Now we just need to get a shot of him wearing No. 45 in 1965.


 

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Comments (15)

    Paul-
    Re: 1967 Mets Florida Instrux League photo…
    Please tell me that #21 (pretty sure that’s Steve Renko) has a front pants pocket!

    Hypothesis, based both on military/civil challenge coin customs and on NFL regulations: The ref’s coin is given as a souvenir, such as to team captains, not used for the coin flip. Even by the standards of challenge coin design, the heads/tails distinction on the ref’s coin is very very ambiguous.

    Well, the auction does say “game-used,” which certainly implies (but, I’ll grant, does not explicitly specify) the coin toss.

    “The auction description says” is not evidence one way or the other. I can claim that I saw bigfoot, but biologists are gonna want some physical evidence before they add a new genus to the primate order. Plus, “The ref used the officially required coin for the toss and then handed his personal challenge coin to each player captain at the end of the ceremony,” probably counts as “game used” by some memorabilia auction standards. Regardless, I’d love to know if there is evidence of a personal ref coin being used as the toss coin in an NFL game. Outside of playoff games or the Super Bowl, I don’t recall seeing the coin toss broadcast in a way that would make the coin itself visible, though admittedly I haven’t watched a regular season NFL game attentively more than a couple of times in the last decade.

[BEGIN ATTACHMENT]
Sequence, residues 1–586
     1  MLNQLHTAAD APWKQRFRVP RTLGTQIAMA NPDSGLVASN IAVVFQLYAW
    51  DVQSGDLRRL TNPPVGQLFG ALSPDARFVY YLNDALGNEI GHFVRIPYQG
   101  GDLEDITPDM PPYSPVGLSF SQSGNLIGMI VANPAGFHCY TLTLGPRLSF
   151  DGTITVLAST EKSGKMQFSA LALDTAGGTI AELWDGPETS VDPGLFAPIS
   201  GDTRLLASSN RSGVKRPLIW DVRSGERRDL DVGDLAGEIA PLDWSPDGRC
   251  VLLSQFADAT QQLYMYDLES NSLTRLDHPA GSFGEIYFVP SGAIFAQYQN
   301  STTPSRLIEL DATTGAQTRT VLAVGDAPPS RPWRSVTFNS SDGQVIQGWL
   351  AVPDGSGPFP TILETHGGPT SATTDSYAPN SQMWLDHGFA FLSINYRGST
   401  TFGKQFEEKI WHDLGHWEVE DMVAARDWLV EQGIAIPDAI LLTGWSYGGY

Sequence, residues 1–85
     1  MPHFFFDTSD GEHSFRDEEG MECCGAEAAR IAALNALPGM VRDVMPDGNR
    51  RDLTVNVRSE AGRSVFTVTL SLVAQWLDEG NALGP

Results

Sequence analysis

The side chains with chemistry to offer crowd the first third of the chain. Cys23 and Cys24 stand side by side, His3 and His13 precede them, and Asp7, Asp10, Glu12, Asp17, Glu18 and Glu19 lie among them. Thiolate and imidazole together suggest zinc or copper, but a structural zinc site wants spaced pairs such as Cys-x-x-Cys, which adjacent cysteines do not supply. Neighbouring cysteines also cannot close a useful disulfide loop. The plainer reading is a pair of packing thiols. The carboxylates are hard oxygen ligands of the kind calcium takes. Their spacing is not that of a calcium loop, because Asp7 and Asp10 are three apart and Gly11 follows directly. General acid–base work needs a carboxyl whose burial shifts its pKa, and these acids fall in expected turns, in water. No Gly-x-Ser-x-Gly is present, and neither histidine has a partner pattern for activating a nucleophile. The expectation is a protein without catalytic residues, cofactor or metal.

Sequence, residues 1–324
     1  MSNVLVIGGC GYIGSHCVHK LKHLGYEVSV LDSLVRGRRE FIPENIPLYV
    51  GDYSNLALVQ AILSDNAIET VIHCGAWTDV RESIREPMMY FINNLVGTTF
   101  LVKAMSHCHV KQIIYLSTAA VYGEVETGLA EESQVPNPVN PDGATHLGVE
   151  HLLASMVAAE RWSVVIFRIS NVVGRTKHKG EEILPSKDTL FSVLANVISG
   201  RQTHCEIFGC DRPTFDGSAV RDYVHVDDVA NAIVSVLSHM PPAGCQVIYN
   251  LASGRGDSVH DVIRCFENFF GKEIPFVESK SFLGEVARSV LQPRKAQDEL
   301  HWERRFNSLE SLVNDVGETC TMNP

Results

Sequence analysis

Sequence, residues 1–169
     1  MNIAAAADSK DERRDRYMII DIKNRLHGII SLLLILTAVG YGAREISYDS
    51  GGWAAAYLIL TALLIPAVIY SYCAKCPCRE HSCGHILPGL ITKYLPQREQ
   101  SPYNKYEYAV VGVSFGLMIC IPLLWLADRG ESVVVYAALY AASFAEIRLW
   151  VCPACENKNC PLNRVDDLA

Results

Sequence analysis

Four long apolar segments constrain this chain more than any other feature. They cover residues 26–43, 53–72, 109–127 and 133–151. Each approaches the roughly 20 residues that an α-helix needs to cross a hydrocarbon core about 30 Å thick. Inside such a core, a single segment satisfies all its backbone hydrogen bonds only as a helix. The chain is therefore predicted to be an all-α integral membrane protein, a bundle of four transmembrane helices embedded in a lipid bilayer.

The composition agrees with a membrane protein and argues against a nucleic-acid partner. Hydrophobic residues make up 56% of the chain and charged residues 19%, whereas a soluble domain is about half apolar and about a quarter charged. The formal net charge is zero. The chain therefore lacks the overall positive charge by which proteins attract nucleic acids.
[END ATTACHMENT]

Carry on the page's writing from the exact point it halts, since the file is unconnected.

Actually, I didn’t claim that the auction description was “evidence”; I said that it *implied* that the coin was used in the coin toss. Basically using the “reasonable person” standard (but, as already stated, am also granting that it’s not definitive).

    It feels very clear to me…NFL logo as heads (Logo is on a referee cap/head) and the number 62 as tails (obviously the back of a referee jersey). But it being tied to officials and all the pregame pomp, it would likely be botched up somehow!

    “Even by the standards of challenge coin design, the heads/tails distinction on the ref’s coin is very very ambiguous.”
    Most commemorative coins have that issue. You’ll notice during many big games when they actually show the toss, the ref will tell them which is heads and which is tails, occasionally they’ll actually describe what is on the coin to the viewing public also.
    This coin doesn’t seem particularly ambiguous compared to others (shield on one side, SB logo, or something else on the other). I would be under the assumption that the shield is the heads.

    This coin doesn’t seem particularly ambiguous compared to others (shield on one side, SB logo, or something else on the other). I would be under the assumption that the shield is the heads.

    Moreover, the other side shows the *back* of the ref’s jersey. Back = tails.

    Love this!
    And I think I see three other Mets pitchers in that pic wearing odd numbers before they hit the bigs:
    Jon Matlack wearing 36 instead of 32
    Jerry Koosman wearing 26 instead of 36
    Jim McAndrew wearing 34 instead of 43

    Oh man! All the coaches’ names, and even the trainer’s name, all sound so baseball-y to my ears. But yeah, Bunky Warren is the best of the lot. Weird how some names can conjure an image. Bunky Warren screams baseball coach/manager.